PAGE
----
Your prospects are looking for solutions and information. Tell them how you can fix their problems and how you have helped others. Leave the details and features for later. Use proper keywords to help others find you such as “Conveyor Belt Repair” or “Controlling All Restaurant Costs.”

If your product has multiple solutions, bundle two or three in a headline then add details later on the page or deeper on the website.

2.      Reduce the Useless Verbiage

Here is a real example of using too many words. This example comes from a marketing company’s portfolio touting their expertise of marketing a craft brewery expo.

(Our company) created a multi-channel campaign that put checks in all the boxes: conveying the event’s positioning, key value proposition and overarching benefits of participation in an authentic tone and visual style that appealed to the psychographics of craft beverage producers.”

How many times have you ever used the word “psychographics” in a sentence? Would the previous description compel you to use their services?

Check your website and marketing materials to see if you can clean out any dead wood from your paragraphs.

3.      Communicate Using “Stepping Stones.”

Think of communicating to your clients like trying to cross a wide stream and the other side is where they buy from you. If there are no stepping stones to get them from here to there, they will walk away and look for another way to cross (your competition). So you need to lay down stepping stones to guide your prospects “across the stream” and buy from you.

  1. Start with a promise or the big picture of the problems you can solve. “One Easy to Use Tool Will Manage Your Entire Restaurant.”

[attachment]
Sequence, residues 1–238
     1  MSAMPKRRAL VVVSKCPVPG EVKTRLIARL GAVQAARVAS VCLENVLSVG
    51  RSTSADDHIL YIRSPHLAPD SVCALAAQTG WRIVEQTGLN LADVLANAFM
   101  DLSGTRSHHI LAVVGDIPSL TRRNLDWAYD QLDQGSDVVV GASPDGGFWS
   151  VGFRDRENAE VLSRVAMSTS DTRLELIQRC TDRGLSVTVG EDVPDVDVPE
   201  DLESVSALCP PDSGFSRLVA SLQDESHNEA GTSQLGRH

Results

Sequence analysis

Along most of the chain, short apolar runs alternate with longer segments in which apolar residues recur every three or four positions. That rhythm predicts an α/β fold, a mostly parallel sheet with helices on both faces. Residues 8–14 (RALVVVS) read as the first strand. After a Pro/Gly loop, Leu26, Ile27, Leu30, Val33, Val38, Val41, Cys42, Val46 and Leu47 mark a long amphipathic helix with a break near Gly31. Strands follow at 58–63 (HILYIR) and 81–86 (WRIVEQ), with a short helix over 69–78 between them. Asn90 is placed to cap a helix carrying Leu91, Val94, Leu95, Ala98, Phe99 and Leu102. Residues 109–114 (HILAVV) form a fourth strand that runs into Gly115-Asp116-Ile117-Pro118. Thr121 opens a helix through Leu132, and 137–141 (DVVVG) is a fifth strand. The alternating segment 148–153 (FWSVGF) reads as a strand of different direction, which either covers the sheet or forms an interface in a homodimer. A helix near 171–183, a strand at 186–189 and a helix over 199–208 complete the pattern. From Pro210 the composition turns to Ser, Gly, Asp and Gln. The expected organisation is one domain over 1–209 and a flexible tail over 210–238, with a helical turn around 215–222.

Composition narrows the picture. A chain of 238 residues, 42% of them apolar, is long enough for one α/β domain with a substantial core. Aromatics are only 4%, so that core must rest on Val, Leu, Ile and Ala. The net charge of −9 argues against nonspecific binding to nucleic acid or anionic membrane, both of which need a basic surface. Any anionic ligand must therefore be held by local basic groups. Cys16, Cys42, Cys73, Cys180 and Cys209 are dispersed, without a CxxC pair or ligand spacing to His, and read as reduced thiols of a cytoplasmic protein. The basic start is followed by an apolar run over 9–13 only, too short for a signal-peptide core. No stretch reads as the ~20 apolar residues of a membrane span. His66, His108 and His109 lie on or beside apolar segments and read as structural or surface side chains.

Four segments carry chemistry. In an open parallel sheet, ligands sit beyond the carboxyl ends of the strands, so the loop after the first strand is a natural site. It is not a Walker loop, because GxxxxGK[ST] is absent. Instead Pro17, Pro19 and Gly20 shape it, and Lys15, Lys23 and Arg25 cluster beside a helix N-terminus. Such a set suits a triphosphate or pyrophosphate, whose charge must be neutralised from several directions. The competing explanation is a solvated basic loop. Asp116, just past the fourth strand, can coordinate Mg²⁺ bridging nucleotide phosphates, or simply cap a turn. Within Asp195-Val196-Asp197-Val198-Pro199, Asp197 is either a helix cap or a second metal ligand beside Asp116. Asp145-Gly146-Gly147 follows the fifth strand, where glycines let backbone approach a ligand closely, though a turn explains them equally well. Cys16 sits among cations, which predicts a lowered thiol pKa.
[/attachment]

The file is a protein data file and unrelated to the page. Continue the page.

2. Then give your prospects a way to find more information (another stepping stone) by clicking a link. “Click here for technical specifications.”
  3. Ask them to buy or whatever call to action you want them to do. Be Specific. Use a big, juicy “Click here now to order”

Email marketing uses the same technique of feeding bits of information a little at a time. Your website should offer the big picture on the home page then have more technical information and detailed features deeper into your site. This way they absorb your information at their pace and interested in keeping going (crossing the stream with the stones you laid out for them).

“Clarity in professional writing is a matter that depends on more than merely a writer’s level of skill. First, mature writers can write badly for different reasons confusion about a subject, in­ sufficient time to revise, carelessness, entrenched bad habits, sheer incompetence.” – Excerpt from Style Toward Clarity and Grace by Joseph M. Williams

The Simple Clarity of an Elevator Pitch

Some of you know what an elevator pitch is. It is a short explanation of your business that you could tell someone in the short time it takes to ride in an elevator. Can you tell someone what you do in two to three sentences? Start there and work in the details as your prospects gain interest.

For example, if I want to tell people what I do, I say, “I am a copywriter who writes promotional material for companies in the food industry.” It is short and to the point.  If I would rather confuse people, then I could say, “I am a correspondent and scribe who enhances and facilitates commerce between one commercial establishment and another with minimal obfuscation of verbiage in a variety of digital and print media.”

Vague Writing is a Waste of Everyone’s Time and Money

As a copywriter who writes sales material, vague messages frustrates me. It’s a waste of everyone’s effort, resources and the most important of all the message is lost. So the moral of this story is, if you have something to say, keep your message simple so that you will keep your intended audience interested.